Over the last couple of decades, technology has advanced at a rate that’s often left laws and regulations behind. The rise of faxes, cell phones, and smart phones – and their use by companies as a marketing tool – has required a robust response from Congress that has, at times, been somewhat slow-paced. The current body of laws regulating contact between companies and consumers, the Telephone Consumer Protection Act, was first enforced in 1991 – more than twenty years ago. Since then it’s been updated to govern the use of voice mails, text messages, and other advancements in technology, but Federal Communications Commission (FCC) guidelines have tended to offer a marketer-friendly interpretation of what’s allowed.
Broadly speaking, companies require a consumer’s permission before they are allowed to initiate contact for marketing purposes.
Beginning October 2013, however, updated FCC rules look set to change the landscape significantly. For consumers, it’s a very good thing.
The TCPA’s consumer protections are aimed at preventing companies from bothering individuals through use of their personal telephone numbers. As such, contact for marketing purposes is heavily regulated, with automated dialers, artificial callers, prerecorded messages, and unapproved text messages all generally prohibited. To define whether calls and texts are appropriate, the TCPA relies on the concept of ‘prior express consent.’ Broadly speaking, companies require a consumer’s permission before they are allowed to initiate contact for marketing purposes, and if consent is withdrawn, communications must stop.
It is the FCC’s current understanding of what constitutes ‘consent’ that tends to favor companies.
Since 1992 the commission has taken a marketer-friendly stance. Any individual who knowingly gave their contact details to a business was said to have effectively given consent for communication, unless they specified that they wanted to opt-out. As such, phone numbers provided following a company’s request for contact details or as part of a form were often enough to justify calls and messages. Consumers who had registered to receive email or text promotions via cell phone had also ‘given consent’ under FCC interpretation of the TCPA.
Now, why does it matter if the FCC defines consent so broadly?
The TCPA permits any harmed ‘person or entity’ to bring action to recover costs in the form of statutory penalties of $500 per violation, escalating to $1500 for a willful violation. Because no actual injury needs be proved – just that a call was made by an automated dialer or without consent – proof of lack of ‘consent’ is a major factor in legal cases accusing companies of TCPA violations. And, since the $500 - $1500 penalty applies to each and every text or call, companies can face hefty fines if a court rules against them. Simply put, if the FCC agrees with a business that a consumer consented by simply filling out a form with their contact details, the business can escape the penalties, and continue their marketing practices.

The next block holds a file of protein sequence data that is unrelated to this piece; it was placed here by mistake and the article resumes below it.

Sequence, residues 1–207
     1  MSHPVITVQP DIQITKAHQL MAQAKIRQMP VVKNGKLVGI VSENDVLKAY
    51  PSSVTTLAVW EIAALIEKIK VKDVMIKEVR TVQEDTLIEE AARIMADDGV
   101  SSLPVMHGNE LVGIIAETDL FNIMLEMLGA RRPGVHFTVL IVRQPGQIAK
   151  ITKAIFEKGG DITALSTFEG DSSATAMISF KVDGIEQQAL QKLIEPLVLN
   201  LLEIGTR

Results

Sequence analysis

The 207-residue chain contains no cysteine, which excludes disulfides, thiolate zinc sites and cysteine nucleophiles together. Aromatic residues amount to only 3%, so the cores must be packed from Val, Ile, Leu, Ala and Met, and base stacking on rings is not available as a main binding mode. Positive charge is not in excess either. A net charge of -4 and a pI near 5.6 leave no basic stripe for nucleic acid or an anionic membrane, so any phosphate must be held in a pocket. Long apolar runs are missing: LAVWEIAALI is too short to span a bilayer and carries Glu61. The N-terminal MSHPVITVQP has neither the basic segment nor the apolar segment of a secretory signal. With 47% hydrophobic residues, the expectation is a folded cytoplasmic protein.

Consent – and how it’s defined – matters. On June 11, 2012, new FCC guidelines , due to begin October 16, 2013, were published. The FCC has now changed its tactics and a new, consumer-friendly interpretation of the TCPA will take effect.
This changes the playing field considerably.
The new rules define ‘express consent’ far more strictly. Signed, written agreements, in which consumers specifically consent to receive calls or messages, will be required. Consent must be unambiguous, following an opt-in approach that reverses the FCC’s previous policy. Consent cannot be a condition of purchase, and when it is given, a specific phone number must be provided, and not auto-filled on a form. The new regulations also remove a previous exemption for having an ‘established business relationship.’ Whereas companies had previously been able to argue that an existing customer was a valid target for marketing, they can no longer use the fact an individual has purchased something as justification for cold calls.
Responsibility for legality will now fall solely on businesses’ shoulders – and consent can only been granted in a clear, written agreement kept on record. This should make most TCPA-violation cases pretty open and shut. If businesses have never sought your agreement to receive calls or messages, they cannot contact you.
These changes will come into effect and be enforceable starting October 16, 2013 – and businesses are strongly advised to begin enacting policies to comply well before this date, or face the consequences.